Many a time I’ve heard statements like “Games programming? 3D graphics? that requires an awful lot of maths right? and graduate level math at that…” ….and therein onwards the interest dies off due to the pre-mis-conceptions about the role that mathematics will play in games development.

For a programmer/developer/software engineer, learning the concepts of 3D mathematics needed for developing games is not an impossible task (the math we use in 3D game programming is referred to as ‘3D math’ but is actually a composite collection of topics from different mathematical disciplines as we shall see shortly). Of course, there will be some due inherent complexity, as there should be with good reason, but we tackle complexity everyday in software engineering: software architecture and patterns, databases and database design, mastering specific technologies that we use to build systems with, web site user experience, all bring about their own inherent complexities, but we master them and control them in order to reach our objectives. In that regard, what is so different about 3D mathematics that we cannot master the complexity, understand it, and apply it? That being said, this may be a good time as any to elaborate on what 3D mathematics is made up of.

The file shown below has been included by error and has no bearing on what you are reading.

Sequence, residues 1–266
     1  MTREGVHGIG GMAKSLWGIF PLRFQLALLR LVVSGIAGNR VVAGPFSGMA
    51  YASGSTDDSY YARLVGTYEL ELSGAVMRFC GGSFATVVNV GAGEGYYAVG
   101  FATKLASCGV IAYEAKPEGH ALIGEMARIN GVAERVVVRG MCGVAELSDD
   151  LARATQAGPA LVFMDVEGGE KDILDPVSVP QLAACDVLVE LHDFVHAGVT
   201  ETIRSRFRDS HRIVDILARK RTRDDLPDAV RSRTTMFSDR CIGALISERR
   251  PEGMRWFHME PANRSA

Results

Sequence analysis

The math used in the rendering of 3D games is based on a sub-set of topics derived from the mathematical branches of linear algebra, (solid) geometry, real analysis, and higher algebra. In addition, any artificial intelligence used in game logic and physics simulations, employs real world physics and mathematics as well. But we are currently concerned with the mathematics needed for drawing and rendering 3D graphics for games, and that is what we will focus on at the moment, though we will discus all aspects of game programming, including AI, in later topics.

To this end, I will be creating a thread of posts in this blog that deal with 3D math topics in a linearly progressive fashion, including code examples showing their applications where possible. This is in order to show and prove to the reader, that learning 3D mathematics is not the daunting task it is labeled to be, and also to pave the way for the game programming concepts and topics discussed in this blog that rely on mathematics. It is one of the most rewarding experiences, that when you are developing 3D computer games, you actually understand the mathematical concepts and principles behind what you are doing. For at that point, no aspect of the game is out of your control, as you know and understand exactly what is happening under the hood.

Thanks for posting this, it’s given me the confidence to dive into the 3-D game development world. After having developed 2-D games for a few months, now in XNA and still being daunted by some of the maths I have seen, used in 3D game development, I can focus on learning the sub-sets listed above. Thanks Mark!

Thanks for the comment Ben, am glad my posts are useful to you. Will be adding more posts to my 3D Game Math primer series in the coming days, hope they will give you an idea on how to tackle 3D game programming…